Sea change

Discuss word origins and meanings.
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Sea change

Post by trolley » Mon Oct 02, 2017 6:58 pm

Here’s my lesson for the day. While reading an article on U.S. gun control, on CNN, I came across this sentence “There's been a sea change over the last two decades when it comes to the reasons why people own guns.” A sea change? It was obviously a typo but I wondered what they really meant to say. Apparently they really meant a sea change.

Wikipedia says:
Sea-change or seachange, an English idiomatic expression which denotes a substantial change in perspective, especially one which effects a group or society at large, on a particular issue. It is similar in usage and meaning to a paradigm shift, and may be viewed as a change to a society or community's zeitgeist, with regard to a specific issue. The phrase evolved from an older and more literal usage when the term referred to an actual "change wrought by the sea,"[1] a definition that remains in limited usage.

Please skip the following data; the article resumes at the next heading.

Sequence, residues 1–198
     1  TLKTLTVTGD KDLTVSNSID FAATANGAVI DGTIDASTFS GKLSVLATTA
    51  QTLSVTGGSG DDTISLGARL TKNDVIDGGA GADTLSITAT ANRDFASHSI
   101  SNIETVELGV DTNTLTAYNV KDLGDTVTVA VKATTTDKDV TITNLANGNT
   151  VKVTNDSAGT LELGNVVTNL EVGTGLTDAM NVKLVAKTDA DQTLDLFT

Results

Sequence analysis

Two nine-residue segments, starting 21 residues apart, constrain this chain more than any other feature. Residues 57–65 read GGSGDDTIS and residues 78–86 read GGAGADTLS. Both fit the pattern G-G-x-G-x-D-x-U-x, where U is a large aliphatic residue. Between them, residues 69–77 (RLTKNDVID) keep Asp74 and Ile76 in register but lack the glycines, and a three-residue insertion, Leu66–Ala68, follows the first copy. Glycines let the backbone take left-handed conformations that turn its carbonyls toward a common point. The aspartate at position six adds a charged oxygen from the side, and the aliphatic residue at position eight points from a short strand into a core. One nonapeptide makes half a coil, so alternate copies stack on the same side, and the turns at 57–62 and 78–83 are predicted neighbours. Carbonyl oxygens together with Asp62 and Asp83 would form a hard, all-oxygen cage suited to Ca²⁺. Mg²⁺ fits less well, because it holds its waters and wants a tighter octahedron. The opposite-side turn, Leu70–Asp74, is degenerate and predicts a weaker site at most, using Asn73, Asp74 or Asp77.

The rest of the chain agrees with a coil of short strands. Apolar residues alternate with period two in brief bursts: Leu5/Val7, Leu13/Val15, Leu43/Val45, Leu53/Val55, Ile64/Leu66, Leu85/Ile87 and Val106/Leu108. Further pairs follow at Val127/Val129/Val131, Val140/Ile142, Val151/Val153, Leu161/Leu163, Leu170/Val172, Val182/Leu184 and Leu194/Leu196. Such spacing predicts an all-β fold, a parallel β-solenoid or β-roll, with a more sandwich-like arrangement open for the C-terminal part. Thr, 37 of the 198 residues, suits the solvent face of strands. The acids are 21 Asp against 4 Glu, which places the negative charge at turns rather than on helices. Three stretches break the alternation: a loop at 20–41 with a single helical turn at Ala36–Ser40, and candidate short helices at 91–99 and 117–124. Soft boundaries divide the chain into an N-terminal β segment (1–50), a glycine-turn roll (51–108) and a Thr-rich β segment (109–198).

Thank you. We now return you to your regularly scheduled program, already in progress
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Re: Sea change

Post by Erik_Kowal » Mon Oct 02, 2017 10:05 pm

The etymologist Michael Quinion has covered this idiom, as follows:

Q. From Dave Donnelly in Hawaii: The phrase sea change appears frequently in both books and newspapers, and the only definition I’ve been able to find for it is that it is a transformation. How did the phrase come about and why?

A. The phrase is a quotation from Shakespeare. It comes from Ariel’s wonderfully evocative song in The Tempest:

Full fathom five thy father lies:
Of his bones are coral made:
Those are pearls that were his eyes:
Nothing of him that doth fade
But doth suffer a sea-change
Into something rich and strange.